Russia itself has a relatively small economy and its trade with the U.S. is just a fraction of the business the U.S. does with China, Botsch said. In 2021, the U.S. exported $6.4 billion in goods and services to Russia and imported $29.7 billion from Russia. Both figures are miniscule compared with U.S.-China trade, but the ability of the U.S. to convince Europe to go along with the sanctions makes them a more effective tool, he said, because Russia’s trade with Europe is much stronger.
“They are heavily dependent on imports,” Botsch said of Russia, and “the sanctions have been much harsher and more effective than anybody anticipated.”
In the past, sanctions were somewhat less effective because countries kept actual foreign currency on hand. But with most financial transactions being done electronically, Botsch said, other countries were able to quickly freeze assets Russia had in those countries, many of them held in electronic accounts. That meant that the sanctions had a more immediate and far-reaching impact, he said.
Botsch said some of the pain of cutting off trade with Russia will be felt by Americans, who are already seeing an impact in sharp jumps in oil and gas prices, but inflation in the U.S. will be much less than what Russians will face. He also said Russia is likely to face a recession later this year that will be deeper because of the sanctions, imposing a further penalty on the country for its invasion of Ukraine.
But the sanctions have upended business plans for companies around the globe. Companies rushed to confirm that they would comply with the sanctions – in most cases, they had no choice – and some vowed to further restrict their operations as a show of support for Ukraine.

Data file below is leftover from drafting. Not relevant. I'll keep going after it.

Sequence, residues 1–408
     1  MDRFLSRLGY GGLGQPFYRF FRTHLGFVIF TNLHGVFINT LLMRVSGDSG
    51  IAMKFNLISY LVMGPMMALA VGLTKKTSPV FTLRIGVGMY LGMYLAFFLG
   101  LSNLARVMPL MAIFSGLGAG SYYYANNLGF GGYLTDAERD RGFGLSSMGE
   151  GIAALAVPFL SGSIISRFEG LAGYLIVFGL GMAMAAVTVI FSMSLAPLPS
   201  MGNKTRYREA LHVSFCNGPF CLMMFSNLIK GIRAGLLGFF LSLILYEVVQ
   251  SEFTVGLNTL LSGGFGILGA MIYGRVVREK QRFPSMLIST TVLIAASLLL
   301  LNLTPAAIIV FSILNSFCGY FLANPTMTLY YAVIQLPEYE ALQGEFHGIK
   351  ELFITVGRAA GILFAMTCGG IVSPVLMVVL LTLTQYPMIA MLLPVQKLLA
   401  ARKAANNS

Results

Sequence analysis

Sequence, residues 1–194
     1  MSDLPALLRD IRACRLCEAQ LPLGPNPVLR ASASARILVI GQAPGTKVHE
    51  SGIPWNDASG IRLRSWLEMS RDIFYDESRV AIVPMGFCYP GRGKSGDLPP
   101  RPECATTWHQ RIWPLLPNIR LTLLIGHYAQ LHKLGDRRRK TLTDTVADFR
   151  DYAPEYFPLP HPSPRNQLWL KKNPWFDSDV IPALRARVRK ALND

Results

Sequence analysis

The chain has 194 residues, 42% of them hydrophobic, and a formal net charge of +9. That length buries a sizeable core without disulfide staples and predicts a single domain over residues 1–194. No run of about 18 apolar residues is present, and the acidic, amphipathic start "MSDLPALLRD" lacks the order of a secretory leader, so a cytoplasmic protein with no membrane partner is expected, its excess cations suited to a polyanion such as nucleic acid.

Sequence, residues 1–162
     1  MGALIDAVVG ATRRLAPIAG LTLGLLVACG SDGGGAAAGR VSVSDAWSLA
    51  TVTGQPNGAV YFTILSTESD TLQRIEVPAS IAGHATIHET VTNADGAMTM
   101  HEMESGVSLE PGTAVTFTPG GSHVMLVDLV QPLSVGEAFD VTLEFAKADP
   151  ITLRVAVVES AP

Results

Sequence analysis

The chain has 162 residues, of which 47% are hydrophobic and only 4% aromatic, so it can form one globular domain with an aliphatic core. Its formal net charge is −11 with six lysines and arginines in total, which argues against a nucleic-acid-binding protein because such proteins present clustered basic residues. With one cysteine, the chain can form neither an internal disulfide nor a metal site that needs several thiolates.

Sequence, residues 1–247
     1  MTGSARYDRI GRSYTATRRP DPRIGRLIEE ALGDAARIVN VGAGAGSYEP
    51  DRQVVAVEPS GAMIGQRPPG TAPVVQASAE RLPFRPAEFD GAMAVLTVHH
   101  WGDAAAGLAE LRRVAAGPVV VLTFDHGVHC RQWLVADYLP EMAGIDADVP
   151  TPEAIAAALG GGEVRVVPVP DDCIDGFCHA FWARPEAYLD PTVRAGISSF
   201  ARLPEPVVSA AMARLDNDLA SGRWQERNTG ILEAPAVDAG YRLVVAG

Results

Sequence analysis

Russia countered the sanctions by temporarily restricting foreign investors from selling their assets in Russia, complicating any corporate plans to pull operations out of the country.
Oil and gas companies nonetheless said they were stopping their partnerships with Russian state-owned companies, and Toyota said it was halting production at a plant it owns in St. Petersburg. It said the production stop was caused by supply chain disruptions and also put out a statement saying it had “great concern for the safety of the people of Ukraine.”
Mercedes-Benz suspended exports to Russia and halted its manufacturing in the country, a move mirrored by Volkswagen Group, while Volvo stopped its deliveries and Ford suspended its operations.
Harley-Davidson halted motorcycle shipments to Russia, but some other companies took more limited steps and indicated that the sanctions will have a big impact on their operations. For instance, Renault said it was suspending production at its plant in Moscow for only a few days, because of “logistics issues.” Russia is Renault’s second-biggest market.
And Carlsberg, the Danish brewer, said it was suspending production at its three brewereries in Ukraine, but said operations in Russia would continue. The company said it felt obligated to “protect the livelihood of all our employees” in Russia.
This report contains material from The Associated Press.